2012-06-01

    The solubility characteristics of 40-70% of new drug candidates are so poor that they cannot be formulated on their own, so new methods for increasing drug solubility are highly prized. Here, we describe a new class of general-purpose solubilizing agents—acyclic cucurbituril-type containers—which increase the solubility of ten insoluble drugs by a factor of between 23 and 2,750 by forming container-drug complexes. The containers exhibit low in vitro toxicity in human liver, kidney and monocyte cell lines, and outbred Swiss Webster mice tolerate high doses of the container without sickness or weight loss. Paclitaxel solubilized by the acyclic cucurbituril-type containers kills cervical and ovarian cancer cells more efficiently than paclitaxel alone. The acyclic cucurbituril-type containers preferentially bind cationic and aromatic drugs, but also solubilize neutral drugs such as paclitaxel, and represent an attractive extension of cyclodextrin-based technology for drug solubilization and delivery.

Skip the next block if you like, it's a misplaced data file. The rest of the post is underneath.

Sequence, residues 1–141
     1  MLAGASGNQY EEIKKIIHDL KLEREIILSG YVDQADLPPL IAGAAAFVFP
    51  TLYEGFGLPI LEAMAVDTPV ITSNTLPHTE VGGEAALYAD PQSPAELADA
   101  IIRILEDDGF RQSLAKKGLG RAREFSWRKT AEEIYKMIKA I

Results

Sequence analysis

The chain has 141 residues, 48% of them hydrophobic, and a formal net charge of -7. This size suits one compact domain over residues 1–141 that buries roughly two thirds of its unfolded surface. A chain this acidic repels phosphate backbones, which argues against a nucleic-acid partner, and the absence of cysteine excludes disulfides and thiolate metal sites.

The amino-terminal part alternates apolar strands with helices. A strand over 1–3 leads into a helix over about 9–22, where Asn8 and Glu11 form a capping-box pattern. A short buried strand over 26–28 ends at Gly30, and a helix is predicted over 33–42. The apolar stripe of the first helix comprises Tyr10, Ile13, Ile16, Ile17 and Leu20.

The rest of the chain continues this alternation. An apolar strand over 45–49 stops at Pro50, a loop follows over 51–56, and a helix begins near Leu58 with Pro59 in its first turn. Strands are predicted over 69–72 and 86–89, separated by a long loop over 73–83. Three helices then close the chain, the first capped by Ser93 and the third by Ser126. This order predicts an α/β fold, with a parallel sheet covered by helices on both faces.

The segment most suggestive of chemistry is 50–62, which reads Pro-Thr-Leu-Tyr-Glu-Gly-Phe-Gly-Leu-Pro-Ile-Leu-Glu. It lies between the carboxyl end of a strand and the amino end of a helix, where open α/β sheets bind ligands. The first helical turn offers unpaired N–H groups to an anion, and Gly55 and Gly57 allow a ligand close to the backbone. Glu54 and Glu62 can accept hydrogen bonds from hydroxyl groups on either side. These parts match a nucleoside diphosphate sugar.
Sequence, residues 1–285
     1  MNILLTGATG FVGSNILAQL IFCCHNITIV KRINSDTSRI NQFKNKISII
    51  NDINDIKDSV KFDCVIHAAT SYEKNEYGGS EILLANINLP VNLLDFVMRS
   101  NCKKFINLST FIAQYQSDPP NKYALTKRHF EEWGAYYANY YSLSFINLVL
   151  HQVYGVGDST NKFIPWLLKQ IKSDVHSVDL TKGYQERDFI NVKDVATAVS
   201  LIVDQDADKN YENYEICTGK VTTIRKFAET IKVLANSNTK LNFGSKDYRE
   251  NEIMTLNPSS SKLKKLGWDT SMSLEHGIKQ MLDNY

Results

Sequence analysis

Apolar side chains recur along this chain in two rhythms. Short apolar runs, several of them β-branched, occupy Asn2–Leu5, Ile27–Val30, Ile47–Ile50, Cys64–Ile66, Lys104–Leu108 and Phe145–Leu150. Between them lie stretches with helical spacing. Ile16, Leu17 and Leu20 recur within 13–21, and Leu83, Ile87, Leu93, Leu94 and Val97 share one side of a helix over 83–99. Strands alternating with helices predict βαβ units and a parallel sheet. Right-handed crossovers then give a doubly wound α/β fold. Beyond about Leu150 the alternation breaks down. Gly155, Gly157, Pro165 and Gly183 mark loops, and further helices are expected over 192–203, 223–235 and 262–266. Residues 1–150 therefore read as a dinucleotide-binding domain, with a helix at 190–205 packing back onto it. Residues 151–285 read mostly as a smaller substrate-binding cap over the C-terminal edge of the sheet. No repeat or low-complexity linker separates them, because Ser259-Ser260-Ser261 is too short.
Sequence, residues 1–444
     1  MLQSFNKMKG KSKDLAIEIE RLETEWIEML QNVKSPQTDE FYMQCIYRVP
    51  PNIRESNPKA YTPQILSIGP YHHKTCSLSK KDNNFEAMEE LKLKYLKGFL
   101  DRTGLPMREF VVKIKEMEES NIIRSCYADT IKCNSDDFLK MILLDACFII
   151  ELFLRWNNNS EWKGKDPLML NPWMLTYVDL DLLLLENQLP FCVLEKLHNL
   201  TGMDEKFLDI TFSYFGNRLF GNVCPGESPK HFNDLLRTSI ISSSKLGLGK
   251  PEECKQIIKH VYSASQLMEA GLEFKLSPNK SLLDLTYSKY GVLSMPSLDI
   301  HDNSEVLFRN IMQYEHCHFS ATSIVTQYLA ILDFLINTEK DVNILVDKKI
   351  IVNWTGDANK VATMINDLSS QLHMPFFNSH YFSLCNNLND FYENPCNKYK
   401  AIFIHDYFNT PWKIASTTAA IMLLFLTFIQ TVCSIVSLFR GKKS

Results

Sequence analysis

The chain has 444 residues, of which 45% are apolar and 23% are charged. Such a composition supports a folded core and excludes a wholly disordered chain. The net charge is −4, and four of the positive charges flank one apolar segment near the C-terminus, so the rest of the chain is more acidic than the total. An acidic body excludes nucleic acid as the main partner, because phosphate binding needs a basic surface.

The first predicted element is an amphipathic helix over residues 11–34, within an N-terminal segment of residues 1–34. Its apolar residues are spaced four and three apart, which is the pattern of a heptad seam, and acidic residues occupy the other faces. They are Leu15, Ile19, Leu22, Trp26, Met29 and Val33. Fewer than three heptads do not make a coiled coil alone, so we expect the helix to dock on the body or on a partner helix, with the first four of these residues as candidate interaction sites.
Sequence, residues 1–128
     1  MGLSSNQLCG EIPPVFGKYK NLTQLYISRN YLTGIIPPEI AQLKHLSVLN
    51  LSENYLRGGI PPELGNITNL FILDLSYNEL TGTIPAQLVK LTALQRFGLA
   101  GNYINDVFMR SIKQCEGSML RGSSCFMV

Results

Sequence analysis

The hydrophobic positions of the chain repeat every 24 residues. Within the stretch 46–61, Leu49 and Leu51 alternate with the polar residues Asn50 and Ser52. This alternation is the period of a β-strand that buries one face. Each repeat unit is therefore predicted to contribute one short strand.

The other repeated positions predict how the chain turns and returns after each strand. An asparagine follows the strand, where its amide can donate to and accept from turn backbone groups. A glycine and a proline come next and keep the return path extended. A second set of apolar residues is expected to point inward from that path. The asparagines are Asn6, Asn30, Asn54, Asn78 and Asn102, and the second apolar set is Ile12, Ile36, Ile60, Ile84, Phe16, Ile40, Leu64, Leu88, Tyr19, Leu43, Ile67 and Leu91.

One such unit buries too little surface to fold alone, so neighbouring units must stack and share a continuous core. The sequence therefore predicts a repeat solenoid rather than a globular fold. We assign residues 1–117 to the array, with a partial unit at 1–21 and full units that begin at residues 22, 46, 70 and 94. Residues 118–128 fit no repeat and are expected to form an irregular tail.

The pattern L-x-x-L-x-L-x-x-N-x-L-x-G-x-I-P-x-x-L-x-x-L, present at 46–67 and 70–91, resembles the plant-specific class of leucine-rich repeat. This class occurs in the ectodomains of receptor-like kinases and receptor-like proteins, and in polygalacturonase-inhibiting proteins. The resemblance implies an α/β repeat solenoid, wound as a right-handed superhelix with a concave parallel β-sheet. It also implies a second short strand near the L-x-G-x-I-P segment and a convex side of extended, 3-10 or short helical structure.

15. Stereodefined acyclic trisubstituted metal enolates towards the asymmetric formation of quaternary carbon stereocentres.

    PubMed

    Minko, Yury; Marek, Ilan

    2014-10-28

    Reactions that involve metal enolate species are amongst the most versatile carbon-carbon bond forming processes available to synthetic chemists. Enolate species are involved in a multitude of powerful applications in asymmetric organic synthesis, but the generation of fully substituted enolates in a geometrically defined form is not easily achieved especially in acyclic systems. In this Feature Article we focus on the most prominent examples reported in the literature describing the formation of highly diastereo- and enantiomerically enriched quaternary stereocentres in acyclic molecules derived from stereodefined non-cyclic trisubstituted metal enolates. PMID:25054432